Upswings of downtime tech

The pandemic has a led to increases in the sales of all forms of technology. Computers, video games, streaming services, etc. How we’re spending time at home – or away from people – is a new type of American experience.

The burgeoning at-home entertainment market (at least electronic) is only a handful of decades old. And yet, here we are, spending time online, binge-watching Grey’s Anatomy (or so I’m told…), and delving into new distractions.

When we’ve reached the other side, how difficult will it be to pull ourselves away from all of the technology that we’ve become so reliant on? Or, will we continue to adapt, coexisting physically and digitally?

A brief history of blogs

Believed to be the first blog, Justin Hall’s links.net began in 1994. For Hall, it was a chance to combine his love of the internet (then mostly a fledgling technology) and his other interests. His first draft had “links to HTML information, some stuff about [Hall’s] college, a photo of [him] and Oliver North, a sound clip of Jane’s Addiction’s lead singer saying ‘Well I’m on acid too, and I ain’t throwin’ shoes at you,’ and a list of [his] favorite web sites.”

The early adopters called their pages online journals or diaries, personal pages, and similar titles. In 1997, the term “weblog” was coined by Jorn Barger to describe these sites.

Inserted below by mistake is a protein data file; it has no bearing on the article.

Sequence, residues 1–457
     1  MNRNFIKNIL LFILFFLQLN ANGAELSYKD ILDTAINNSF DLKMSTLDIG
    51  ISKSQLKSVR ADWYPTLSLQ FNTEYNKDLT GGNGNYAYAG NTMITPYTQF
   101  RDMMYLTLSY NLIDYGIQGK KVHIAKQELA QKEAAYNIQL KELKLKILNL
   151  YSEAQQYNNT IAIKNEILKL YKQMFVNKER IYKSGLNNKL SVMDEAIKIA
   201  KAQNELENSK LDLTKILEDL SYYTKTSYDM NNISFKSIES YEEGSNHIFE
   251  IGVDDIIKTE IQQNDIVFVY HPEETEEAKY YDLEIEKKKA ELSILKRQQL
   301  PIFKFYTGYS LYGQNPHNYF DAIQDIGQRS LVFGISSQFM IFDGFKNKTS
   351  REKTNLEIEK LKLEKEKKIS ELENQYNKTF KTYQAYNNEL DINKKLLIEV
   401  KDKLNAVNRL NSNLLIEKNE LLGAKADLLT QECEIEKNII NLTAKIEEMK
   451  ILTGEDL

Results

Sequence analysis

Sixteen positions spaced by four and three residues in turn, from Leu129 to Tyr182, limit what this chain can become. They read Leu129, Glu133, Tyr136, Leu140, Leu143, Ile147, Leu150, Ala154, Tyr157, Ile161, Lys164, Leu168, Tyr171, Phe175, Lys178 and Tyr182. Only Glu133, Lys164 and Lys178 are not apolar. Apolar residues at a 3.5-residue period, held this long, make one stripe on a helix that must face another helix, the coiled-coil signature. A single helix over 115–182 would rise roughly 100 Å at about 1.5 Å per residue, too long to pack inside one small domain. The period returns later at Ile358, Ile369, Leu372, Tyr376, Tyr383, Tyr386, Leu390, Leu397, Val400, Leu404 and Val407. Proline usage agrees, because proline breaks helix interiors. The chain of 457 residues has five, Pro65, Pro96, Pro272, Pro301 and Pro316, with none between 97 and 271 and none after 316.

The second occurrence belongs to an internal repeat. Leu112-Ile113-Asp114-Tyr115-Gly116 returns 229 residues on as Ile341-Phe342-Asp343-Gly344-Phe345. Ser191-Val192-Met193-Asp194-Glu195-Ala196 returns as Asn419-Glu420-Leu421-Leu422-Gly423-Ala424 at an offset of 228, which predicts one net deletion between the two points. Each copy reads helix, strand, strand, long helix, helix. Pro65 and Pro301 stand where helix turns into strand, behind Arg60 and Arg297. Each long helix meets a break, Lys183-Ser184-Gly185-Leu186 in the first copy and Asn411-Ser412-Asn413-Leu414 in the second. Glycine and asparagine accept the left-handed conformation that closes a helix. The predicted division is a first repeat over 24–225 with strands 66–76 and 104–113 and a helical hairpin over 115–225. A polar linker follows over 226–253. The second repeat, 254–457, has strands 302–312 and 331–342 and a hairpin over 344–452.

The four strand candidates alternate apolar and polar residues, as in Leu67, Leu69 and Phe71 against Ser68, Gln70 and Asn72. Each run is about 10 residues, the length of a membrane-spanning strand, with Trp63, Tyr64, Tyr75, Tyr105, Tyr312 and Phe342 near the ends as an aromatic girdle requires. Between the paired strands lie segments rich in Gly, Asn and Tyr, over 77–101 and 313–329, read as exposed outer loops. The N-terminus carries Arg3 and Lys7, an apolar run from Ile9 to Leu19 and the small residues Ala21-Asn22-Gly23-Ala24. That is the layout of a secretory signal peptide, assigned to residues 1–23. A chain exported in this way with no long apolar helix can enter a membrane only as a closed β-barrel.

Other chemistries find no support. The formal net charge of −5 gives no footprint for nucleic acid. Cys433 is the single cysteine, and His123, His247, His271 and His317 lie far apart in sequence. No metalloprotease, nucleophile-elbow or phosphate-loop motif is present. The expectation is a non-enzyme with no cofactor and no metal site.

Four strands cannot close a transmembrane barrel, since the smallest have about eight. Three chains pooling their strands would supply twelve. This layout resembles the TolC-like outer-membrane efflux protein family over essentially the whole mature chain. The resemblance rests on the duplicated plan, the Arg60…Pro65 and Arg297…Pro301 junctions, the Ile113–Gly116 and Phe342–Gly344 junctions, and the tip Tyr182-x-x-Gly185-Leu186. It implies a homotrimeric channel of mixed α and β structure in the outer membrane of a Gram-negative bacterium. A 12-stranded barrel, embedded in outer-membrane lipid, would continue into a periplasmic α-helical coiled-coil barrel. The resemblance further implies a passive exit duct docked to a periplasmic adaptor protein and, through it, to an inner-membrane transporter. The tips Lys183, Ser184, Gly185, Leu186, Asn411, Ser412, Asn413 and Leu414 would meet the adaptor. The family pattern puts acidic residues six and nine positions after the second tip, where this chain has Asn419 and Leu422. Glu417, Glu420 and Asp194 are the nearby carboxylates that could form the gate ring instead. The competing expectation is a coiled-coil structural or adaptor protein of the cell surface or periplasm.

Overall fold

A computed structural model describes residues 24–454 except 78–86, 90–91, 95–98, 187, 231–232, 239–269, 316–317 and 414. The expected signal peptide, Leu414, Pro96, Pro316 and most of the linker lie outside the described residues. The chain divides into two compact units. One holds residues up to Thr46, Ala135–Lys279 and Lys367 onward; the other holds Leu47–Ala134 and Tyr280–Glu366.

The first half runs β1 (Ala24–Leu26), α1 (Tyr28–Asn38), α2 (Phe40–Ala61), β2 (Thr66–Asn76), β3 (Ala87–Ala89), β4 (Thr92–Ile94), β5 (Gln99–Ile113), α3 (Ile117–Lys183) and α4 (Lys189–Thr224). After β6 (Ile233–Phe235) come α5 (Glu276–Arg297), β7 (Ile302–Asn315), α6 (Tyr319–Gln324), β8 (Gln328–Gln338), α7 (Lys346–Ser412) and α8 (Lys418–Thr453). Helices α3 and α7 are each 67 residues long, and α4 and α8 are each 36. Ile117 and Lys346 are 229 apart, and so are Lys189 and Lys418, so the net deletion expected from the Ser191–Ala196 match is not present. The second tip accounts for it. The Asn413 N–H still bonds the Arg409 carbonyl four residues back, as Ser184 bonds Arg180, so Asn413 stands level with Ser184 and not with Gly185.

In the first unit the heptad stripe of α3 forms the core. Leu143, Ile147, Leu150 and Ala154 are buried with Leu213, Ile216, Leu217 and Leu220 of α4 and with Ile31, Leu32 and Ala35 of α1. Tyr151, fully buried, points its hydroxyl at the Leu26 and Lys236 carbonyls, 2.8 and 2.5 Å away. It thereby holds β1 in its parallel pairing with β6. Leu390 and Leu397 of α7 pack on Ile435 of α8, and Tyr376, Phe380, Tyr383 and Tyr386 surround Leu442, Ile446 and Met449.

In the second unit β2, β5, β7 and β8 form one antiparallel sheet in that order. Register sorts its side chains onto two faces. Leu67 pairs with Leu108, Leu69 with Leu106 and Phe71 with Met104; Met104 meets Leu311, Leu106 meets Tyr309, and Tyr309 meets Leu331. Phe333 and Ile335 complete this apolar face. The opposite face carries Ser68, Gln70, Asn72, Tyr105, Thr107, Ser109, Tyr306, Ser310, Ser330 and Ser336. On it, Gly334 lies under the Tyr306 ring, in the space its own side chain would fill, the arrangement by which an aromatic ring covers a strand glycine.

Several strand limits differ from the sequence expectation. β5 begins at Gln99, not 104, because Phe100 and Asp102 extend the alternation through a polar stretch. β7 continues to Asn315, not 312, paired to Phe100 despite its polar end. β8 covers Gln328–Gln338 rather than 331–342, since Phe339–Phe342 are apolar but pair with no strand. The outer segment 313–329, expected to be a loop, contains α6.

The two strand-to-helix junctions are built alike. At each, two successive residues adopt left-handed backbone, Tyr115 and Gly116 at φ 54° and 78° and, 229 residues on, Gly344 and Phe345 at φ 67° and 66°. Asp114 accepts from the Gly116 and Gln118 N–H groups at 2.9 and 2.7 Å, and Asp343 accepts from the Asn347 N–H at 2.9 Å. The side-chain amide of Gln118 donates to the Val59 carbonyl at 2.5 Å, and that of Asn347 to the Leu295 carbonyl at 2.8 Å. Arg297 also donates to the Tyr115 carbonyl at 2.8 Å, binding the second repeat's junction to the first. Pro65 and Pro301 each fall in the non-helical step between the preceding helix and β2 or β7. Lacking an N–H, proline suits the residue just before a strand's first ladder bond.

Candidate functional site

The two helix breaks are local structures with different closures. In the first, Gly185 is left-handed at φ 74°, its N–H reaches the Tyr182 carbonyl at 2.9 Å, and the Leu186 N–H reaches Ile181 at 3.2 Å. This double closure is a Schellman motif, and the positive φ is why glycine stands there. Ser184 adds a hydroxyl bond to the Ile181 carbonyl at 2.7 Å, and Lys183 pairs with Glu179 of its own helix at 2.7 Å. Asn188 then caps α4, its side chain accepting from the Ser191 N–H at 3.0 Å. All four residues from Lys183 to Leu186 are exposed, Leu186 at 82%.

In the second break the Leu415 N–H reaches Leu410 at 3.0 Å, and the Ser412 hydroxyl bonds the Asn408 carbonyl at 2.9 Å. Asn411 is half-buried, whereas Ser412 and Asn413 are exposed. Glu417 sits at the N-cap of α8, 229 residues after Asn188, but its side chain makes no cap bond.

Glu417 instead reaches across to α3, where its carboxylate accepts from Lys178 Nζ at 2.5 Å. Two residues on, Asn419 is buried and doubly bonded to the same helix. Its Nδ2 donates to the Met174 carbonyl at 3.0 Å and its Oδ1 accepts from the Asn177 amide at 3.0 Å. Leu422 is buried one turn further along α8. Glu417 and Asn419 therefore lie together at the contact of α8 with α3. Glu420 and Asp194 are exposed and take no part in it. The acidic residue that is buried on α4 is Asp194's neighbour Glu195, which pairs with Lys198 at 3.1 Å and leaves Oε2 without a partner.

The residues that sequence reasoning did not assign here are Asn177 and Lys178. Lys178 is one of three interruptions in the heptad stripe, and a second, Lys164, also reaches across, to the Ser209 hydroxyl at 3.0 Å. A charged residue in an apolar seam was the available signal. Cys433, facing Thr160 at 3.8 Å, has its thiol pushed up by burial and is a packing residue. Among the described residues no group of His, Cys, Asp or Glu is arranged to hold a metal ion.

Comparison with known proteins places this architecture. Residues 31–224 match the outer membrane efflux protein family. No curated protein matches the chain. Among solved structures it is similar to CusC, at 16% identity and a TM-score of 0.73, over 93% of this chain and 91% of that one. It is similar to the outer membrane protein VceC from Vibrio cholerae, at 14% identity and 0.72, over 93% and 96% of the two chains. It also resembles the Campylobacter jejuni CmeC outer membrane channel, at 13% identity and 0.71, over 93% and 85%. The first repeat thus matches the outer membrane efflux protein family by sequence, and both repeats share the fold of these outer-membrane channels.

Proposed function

Early blogs were mostly for the technologically-savvy, requiring some knowledge of HTML and its requisite coding. Eventually, platforms begin cropping up, allowing ease-of-use for non-technical bloggers.

In 2003, both WordPress (where my site is hosted) and TypePad (who I’m familiar with for Seth Godin‘s using) were founded.

Over the past fifteen years, the prevalence and persistence of blogs has increased. Internet visibility is important not only to companies but also to individuals. Beyond the social media spectrum, where what you produce is comingled with everyone else’s content, your own website allows you the freedom to create what you will, with the security that, should you choose, it will only be your content seen.

Coding

There’s something that I keep hearing: coding is not only a good skill to have, but it could be one of the preeminent skills that will be needed over the coming decades. This has been repeated by the likes of Cal Newport, Seth Godin, and Tim Ferriss. 

But what are we looking at in the future of coding? What can we come up with? Another app for the smartphone?

My recent interests have been looking at machine learning and quantum computing. Quantum computers “promise  to power exciting advances in various fields, from materials science to pharmaceuticals research.” 

While the computer remains vital in everyday activity, the quantum computer promises a leap forward into something we may not even be able to imagine yet.

Digital tolerance

Oh, internet. The bastion of great thoughts and petty skirmishes. An open forum of unique ideas and rehashed biases.

How we interact with each other online, if only viewed through that lens, would indicate we aren’t a very hospitable race. Twitter, Facebook, and even the ‘gram can sometimes reveal the vilest and despicable thoughts that we, the engaged, can express.